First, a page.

7. Also, consider the very real potential value and potential advantages of presenting not a “Resignation,” but an “Involuntary Resignation.” I don’t know if you are familiar with our concept – which we invented – of “involuntary resignation,” but it sure would be a good idea for you to review my Q&A’s, Newsletters and Videos on the subject available on this blogsite.
To view our entire blogsite Resource Center Section of Q&A’s, Newsletters and free YouTube Videos on “Involuntary Resignation,” just [click here.]
The idea behind “Involuntary Resignation” is to make a record that your leaving is not voluntary, at all, but something you have no choice about . . . which seems quite true from what you have written. Some people must “involuntarily resign” due to health, stress, fear of abuse, being forced to engage in improper or illegal activities, sexual harassment, or many other situations at work. When doing so, it is essential to create a clear, written record of the “involuntariness” of the situation and resignation.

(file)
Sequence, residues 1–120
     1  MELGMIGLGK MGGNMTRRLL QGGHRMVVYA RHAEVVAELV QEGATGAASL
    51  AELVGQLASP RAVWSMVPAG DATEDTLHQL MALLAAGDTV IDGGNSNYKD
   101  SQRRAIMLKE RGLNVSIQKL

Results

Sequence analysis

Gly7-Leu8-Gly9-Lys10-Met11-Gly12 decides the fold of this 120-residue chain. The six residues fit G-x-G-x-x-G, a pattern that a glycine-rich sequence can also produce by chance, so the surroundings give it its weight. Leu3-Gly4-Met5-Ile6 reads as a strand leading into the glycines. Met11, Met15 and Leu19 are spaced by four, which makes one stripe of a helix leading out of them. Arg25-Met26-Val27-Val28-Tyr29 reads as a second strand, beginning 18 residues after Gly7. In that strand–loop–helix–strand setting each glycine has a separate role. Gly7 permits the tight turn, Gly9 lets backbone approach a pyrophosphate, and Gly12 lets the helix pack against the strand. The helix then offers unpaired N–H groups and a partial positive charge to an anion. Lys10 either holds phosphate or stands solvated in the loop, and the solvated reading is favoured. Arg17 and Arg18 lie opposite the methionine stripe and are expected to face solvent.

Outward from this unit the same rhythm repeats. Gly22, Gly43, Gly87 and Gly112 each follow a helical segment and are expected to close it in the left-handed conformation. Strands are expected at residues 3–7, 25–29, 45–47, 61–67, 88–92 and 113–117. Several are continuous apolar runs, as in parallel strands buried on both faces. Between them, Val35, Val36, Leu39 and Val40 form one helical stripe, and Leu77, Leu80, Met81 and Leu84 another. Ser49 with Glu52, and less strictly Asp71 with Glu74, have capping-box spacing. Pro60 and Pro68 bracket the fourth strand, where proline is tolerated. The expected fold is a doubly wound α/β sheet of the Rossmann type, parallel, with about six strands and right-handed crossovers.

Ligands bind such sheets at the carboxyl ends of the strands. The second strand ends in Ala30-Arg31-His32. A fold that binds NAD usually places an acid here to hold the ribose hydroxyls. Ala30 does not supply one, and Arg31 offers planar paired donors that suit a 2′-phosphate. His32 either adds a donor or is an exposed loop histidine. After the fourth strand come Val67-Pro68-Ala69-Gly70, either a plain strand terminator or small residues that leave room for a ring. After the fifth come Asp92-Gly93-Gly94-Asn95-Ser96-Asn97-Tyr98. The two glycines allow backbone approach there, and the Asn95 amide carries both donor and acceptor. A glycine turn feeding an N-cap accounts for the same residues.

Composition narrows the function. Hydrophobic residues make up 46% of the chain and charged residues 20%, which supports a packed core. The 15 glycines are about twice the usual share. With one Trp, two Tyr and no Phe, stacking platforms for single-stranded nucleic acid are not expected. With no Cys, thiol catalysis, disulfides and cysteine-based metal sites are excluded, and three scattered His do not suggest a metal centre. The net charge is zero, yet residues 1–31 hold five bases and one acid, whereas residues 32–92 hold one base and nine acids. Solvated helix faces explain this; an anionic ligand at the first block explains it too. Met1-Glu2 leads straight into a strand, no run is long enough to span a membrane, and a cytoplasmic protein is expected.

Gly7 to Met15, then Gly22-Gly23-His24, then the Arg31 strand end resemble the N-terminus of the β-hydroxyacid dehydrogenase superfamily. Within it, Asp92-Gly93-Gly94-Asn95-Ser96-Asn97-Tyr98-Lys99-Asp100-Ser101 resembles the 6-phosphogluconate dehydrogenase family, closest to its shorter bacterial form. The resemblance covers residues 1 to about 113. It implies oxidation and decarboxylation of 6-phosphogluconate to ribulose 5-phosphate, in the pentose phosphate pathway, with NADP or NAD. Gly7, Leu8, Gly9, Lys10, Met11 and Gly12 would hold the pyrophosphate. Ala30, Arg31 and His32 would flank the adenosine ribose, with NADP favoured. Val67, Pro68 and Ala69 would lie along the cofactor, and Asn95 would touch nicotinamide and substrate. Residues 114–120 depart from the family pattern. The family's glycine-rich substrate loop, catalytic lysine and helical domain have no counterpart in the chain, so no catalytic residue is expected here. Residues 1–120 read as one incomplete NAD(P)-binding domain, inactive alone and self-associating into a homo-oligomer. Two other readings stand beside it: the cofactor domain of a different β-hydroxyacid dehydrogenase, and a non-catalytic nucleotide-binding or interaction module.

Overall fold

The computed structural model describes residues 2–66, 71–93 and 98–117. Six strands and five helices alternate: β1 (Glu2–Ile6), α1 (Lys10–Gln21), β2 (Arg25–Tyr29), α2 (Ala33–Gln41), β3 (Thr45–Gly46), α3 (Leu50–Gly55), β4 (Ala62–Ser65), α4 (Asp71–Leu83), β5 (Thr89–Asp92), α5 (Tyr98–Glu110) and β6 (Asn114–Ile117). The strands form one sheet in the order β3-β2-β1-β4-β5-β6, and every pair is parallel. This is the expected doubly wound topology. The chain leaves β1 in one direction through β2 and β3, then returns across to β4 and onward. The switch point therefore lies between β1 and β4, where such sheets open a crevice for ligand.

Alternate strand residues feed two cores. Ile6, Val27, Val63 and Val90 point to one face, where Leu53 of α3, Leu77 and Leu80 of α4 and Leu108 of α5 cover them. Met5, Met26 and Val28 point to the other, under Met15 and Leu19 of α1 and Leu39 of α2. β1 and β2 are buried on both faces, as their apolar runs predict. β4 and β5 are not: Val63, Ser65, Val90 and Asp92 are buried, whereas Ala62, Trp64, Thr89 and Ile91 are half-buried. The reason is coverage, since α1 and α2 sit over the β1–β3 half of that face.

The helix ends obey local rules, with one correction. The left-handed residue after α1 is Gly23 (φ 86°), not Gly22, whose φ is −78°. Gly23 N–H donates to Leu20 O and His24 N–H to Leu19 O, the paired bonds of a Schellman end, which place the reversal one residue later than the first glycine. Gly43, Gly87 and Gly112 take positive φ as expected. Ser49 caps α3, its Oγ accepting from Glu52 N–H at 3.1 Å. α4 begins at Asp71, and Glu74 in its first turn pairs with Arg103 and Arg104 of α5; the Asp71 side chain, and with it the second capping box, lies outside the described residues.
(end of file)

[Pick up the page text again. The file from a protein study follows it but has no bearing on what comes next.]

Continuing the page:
We offer a “Model Involuntary Resignation” letter that you can use if you decide to submit your own Involuntary Resignation. To obtain a copy – instantly by email – just [click here.] “What to Say and How to Say It”™ 24 Hours a Day.
While there are no “guarantees,” if you are going to resign, by making your resignation an expressly “involuntary” one, you very much increase your chances of receiving one or more of the following after leaving, as a kind of “severance” in exchange for a release of claims:
- Unemployment Benefits, because they are usually awarded to those who resign with “good cause” and can prove they did with convincing emails, etc.;
- Vesting of unvested stock, stock options and other equity;
- Deferred income, earned bonuses and coming-due commissions;
- Release from having to pay back educational and relocation monies previously received, as well as sign-on bonuses;
- Pro rata bonus;
- Voiding of Non-Competition Agreements;